Professor, Department of Aeronautics and Astronautics
G. Scott Hubbard has been recognized as an innovator and leader in science, technology and management for more than 35 years – including 20 years with NASA. He currently is a Professor (consulting) in the Department of Aeronautics and Astronautics at Stanford University where he focuses on planetary exploration, especially Mars and also serves as the Director of the Stanford Center of Excellence for Commercial Space Transportation.
From 2002 to 2006 Hubbard was the director of NASA’s Ames Research Center with an operating budget of $700 million and responsibility for 2,600 people. In 2003 he served full time as the sole NASA representative on the Columbia Accident Investigation Board (CAIB), where he directed impact testing that demonstrated the definitive physical cause of the loss of the Columbia. In 2000 Hubbard served as NASA’s first Mars program director (the “Mars Czar”) and successfully restructured the entire Mars program in the wake of mission failures.Hubbard’s book about this effort, “Exploring Mars: Chronicles from a Decade of Discovery” has just been published by the University of Arizona Press.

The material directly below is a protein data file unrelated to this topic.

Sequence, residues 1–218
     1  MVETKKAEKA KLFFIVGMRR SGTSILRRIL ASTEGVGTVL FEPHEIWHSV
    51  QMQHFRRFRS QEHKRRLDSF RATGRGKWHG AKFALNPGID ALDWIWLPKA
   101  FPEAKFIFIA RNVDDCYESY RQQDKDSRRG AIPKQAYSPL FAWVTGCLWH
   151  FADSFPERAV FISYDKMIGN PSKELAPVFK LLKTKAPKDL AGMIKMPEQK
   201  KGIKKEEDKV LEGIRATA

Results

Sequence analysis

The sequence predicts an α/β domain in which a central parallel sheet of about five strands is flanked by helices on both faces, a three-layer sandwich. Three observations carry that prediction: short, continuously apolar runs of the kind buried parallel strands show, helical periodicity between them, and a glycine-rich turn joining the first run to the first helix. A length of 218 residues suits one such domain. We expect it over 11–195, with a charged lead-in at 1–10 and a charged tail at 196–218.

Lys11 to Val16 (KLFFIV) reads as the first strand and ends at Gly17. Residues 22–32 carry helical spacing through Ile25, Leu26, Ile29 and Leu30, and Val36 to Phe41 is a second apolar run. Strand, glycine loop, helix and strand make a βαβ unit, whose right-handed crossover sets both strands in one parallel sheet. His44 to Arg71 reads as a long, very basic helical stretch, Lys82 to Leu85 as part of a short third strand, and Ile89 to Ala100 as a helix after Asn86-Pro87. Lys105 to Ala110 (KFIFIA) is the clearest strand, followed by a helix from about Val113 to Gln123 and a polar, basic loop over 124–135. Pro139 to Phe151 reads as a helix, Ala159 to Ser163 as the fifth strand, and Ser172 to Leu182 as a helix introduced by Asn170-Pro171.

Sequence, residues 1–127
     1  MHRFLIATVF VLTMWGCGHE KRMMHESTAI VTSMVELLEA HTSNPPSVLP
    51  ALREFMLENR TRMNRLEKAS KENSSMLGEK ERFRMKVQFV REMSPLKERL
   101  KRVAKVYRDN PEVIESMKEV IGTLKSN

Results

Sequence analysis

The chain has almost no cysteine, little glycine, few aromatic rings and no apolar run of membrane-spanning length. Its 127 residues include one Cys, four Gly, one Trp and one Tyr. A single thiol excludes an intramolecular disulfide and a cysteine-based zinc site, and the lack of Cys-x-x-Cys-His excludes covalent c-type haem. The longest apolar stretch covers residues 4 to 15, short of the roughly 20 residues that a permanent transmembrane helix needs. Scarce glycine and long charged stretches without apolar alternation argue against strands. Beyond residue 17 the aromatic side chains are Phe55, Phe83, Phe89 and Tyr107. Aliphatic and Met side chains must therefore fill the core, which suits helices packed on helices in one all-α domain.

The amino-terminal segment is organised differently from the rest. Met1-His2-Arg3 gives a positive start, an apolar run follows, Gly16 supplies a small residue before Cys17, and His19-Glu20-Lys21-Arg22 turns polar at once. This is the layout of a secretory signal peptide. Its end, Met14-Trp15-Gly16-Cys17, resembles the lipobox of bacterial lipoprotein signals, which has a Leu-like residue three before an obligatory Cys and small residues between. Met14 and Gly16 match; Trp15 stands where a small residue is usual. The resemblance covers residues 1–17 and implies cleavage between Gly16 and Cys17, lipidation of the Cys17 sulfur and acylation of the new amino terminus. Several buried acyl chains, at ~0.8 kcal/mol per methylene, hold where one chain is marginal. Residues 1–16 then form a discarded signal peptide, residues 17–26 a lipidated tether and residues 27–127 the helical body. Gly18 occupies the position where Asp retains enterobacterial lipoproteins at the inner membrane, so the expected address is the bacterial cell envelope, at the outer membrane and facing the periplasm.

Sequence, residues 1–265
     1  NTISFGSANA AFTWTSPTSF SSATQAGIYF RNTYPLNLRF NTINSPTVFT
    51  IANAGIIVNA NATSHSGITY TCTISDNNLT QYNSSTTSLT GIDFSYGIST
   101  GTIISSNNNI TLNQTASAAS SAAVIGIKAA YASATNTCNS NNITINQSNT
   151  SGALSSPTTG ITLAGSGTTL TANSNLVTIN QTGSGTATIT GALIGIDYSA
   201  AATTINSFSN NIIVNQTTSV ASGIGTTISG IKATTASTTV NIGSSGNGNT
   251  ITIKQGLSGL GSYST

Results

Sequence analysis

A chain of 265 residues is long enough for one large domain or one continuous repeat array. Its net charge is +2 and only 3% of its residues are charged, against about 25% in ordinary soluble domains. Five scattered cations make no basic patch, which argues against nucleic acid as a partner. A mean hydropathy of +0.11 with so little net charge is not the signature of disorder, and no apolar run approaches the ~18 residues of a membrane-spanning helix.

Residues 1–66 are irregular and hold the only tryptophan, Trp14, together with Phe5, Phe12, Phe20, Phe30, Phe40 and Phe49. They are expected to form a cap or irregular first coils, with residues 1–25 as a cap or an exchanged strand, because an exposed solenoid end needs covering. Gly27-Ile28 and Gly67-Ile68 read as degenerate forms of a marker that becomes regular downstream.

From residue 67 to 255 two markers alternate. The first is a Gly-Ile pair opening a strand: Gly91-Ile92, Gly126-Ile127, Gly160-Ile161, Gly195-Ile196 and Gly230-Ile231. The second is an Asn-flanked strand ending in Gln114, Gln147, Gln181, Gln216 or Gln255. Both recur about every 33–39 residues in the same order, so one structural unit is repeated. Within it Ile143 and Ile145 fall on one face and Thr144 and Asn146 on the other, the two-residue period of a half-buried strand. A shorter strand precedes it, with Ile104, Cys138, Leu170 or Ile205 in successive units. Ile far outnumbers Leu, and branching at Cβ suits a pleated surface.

He is the founder of NASA’s Astrobiology Institute, establishing it in 1998. He conceived the Mars Pathfinder mission with its airbag landing and was the manager for NASA’s highly successful Lunar Prospector Mission. Earlier in his career, Hubbard led a small start-up high technology company in the San Francisco Bay Area and was a staff scientist at the Lawrence Berkeley National Laboratory.
Hubbard has received many honors including NASA’s highest award, the Distinguished Service Medal. He was elected to the International Academy of Astronautics (IAA), is a Fellow of the American Institute of Aeronautics and Astronautics (AIAA) and also was awarded the Von Karman medal by the AIAA. He has authored more than 50 scientific papers on research and technology. Hubbard received his undergraduate degree in physics and astronomy at Vanderbilt University and his graduate education in solid state and semiconductor physics at the University of California at Berkeley. He continues his 40-year interest in music by regularly playing guitar in a jazz group.
He served as a member of the CCST Council from 2003-2008.